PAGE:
Built by First Solar and owned and operated by NextEra, the Silver State South Solar Project provides power under a 20-year agreement to Southern California Edison. The solar project generates over $78 million in property taxes to fix roads and provide infrastructure for the local area, Clark County.

Size: 4.5 square miles

Location: Clark County, Nevada

The Energy Produced: 700 GigaWatt-hours per year

AGUA CALIENTE SOLAR PROJECT

Designed, built, and operated by First Solar, the Agua Caliente Solar Project powers over 100,000 average homes in the area and displaces enough carbon dioxide to equal the removal of 40,000 cars off of the road. From this solar project, wages and benefits from up to 400 construction jobs will be generated over four years, local and state tax revenues are increased, and there are benefits to businesses in the area, from engineering and design firms to construction subcontractors, suppliers, and service providers.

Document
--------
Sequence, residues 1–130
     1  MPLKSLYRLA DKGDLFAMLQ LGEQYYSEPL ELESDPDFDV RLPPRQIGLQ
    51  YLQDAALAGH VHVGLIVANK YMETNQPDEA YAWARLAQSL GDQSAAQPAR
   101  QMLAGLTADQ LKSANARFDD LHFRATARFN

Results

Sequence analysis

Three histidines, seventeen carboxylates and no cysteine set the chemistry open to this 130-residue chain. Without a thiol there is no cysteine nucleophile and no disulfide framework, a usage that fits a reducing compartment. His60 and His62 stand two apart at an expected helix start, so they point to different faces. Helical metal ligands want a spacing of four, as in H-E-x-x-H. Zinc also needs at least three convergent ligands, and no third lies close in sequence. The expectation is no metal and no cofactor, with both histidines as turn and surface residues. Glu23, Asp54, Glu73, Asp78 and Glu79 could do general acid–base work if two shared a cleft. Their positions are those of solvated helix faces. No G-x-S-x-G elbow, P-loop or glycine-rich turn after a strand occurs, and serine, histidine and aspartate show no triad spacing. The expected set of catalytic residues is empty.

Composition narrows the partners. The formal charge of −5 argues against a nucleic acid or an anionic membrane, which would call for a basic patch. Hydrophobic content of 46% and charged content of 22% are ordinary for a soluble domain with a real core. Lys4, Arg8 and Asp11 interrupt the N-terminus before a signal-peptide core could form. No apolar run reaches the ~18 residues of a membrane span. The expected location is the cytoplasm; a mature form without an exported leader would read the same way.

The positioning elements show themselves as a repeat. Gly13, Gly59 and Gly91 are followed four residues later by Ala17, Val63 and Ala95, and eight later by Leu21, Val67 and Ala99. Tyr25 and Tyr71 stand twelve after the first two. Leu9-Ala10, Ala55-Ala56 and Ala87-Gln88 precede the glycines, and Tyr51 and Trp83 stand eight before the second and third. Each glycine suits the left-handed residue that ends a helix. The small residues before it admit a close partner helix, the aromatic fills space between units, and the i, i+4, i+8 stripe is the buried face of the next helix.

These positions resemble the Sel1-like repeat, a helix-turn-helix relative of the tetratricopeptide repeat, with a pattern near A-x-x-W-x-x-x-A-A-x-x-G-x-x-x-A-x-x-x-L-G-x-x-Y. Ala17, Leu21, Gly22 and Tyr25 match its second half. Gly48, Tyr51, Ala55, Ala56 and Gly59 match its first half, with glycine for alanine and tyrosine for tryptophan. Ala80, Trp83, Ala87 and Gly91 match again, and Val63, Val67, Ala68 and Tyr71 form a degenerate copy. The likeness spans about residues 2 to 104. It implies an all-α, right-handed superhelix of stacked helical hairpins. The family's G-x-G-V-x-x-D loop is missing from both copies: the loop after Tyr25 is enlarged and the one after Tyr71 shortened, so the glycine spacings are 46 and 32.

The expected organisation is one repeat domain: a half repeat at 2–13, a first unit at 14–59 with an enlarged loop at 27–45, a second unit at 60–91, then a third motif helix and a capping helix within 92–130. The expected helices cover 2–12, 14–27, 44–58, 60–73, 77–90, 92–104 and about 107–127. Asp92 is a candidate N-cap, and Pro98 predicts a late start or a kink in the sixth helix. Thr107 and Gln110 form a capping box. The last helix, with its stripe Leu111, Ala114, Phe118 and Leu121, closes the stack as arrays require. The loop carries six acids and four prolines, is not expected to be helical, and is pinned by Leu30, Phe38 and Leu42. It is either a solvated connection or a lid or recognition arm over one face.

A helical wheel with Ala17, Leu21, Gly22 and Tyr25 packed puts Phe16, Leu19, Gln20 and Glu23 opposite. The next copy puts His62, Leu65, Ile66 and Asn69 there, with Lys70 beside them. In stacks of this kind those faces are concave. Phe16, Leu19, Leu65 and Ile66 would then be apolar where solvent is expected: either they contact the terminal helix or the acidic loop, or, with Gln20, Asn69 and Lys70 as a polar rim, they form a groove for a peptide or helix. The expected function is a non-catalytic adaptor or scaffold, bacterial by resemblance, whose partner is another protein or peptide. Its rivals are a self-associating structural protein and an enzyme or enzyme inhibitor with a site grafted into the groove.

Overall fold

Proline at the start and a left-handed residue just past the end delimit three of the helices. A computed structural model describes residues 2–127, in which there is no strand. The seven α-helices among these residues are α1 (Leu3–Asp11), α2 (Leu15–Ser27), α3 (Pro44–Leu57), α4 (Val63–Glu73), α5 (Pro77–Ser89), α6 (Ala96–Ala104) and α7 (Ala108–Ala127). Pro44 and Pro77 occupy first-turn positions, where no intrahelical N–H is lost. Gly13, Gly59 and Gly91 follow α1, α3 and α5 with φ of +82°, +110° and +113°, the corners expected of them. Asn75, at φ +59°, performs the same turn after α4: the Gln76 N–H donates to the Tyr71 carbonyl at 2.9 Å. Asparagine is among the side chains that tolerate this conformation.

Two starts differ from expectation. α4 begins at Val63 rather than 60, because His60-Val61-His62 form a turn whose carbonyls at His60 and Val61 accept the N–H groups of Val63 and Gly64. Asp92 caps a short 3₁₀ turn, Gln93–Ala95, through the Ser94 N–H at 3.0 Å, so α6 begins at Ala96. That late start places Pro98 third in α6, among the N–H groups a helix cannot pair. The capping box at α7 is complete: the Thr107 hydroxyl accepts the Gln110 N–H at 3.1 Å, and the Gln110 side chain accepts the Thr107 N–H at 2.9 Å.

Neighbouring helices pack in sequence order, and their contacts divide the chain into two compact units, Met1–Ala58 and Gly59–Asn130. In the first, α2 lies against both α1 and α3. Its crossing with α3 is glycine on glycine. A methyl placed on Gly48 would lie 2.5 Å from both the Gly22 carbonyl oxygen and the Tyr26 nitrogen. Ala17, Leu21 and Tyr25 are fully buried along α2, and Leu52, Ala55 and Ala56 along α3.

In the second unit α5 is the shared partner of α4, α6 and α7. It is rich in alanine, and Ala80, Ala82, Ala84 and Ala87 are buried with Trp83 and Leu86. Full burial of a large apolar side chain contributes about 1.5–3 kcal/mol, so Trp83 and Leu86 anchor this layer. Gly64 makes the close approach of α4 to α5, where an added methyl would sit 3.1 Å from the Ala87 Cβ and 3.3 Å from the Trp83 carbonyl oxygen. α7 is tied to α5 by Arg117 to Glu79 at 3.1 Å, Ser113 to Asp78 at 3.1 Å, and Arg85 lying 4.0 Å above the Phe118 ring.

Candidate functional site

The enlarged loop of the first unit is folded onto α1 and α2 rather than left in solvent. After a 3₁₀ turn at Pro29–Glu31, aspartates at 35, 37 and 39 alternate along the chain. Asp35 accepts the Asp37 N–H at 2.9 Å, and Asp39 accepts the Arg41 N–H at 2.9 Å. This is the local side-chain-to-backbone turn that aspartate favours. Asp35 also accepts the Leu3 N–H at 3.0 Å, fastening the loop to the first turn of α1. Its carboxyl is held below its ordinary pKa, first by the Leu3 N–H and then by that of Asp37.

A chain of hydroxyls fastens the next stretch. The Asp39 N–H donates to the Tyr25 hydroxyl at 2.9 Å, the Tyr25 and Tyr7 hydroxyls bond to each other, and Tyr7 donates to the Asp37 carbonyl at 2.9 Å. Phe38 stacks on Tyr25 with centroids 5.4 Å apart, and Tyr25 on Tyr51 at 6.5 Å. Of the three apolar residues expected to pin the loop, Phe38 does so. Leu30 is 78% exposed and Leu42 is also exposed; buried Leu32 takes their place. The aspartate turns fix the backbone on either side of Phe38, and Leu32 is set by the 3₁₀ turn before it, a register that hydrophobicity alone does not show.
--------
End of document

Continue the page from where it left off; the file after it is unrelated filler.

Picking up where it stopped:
Size: 3.7 square miles

Location: Near Yuma, Arizona

The Energy Produced: 740 GigaWatt-hours per year

MESQUITE SOLAR PROJECT

Owned and financed by the Department of Energy themselves, the Mesquite Solar Project was issued $337 million to create 300 construction jobs, support 12 permanent jobs. Using innovative inverter technology supplied by Advanced Energy, the design of the farm involves liquid cooling, which makes its application in a desert-like facility ideal. Because of its bi-polar design, this inverter does not require a built-in transformer and does not need an enclosure to cool the solar panels.

Size: 3.6 square miles

Location: Maricopa County, Arizona

The Energy Produced: 1,140 GigaWatt-hours per year

TECHREN SOLAR PROJECT